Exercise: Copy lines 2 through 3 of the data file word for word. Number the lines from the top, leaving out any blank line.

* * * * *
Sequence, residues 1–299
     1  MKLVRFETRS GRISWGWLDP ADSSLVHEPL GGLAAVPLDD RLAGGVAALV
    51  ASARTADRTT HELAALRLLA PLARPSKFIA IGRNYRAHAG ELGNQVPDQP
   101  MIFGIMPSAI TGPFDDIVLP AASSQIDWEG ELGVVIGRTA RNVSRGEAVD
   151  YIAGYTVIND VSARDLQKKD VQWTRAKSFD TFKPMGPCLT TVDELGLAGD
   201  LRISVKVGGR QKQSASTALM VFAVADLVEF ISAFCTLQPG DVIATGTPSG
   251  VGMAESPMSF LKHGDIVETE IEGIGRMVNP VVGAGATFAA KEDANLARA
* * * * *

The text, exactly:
     1  MKLVRFETRS GRISWGWLDP ADSSLVHEPL GGLAAVPLDD RLAGGVAALV
    51  ASARTADRTT HELAALRLLA PLARPSKFIA IGRNYRAHAG ELGNQVPDQP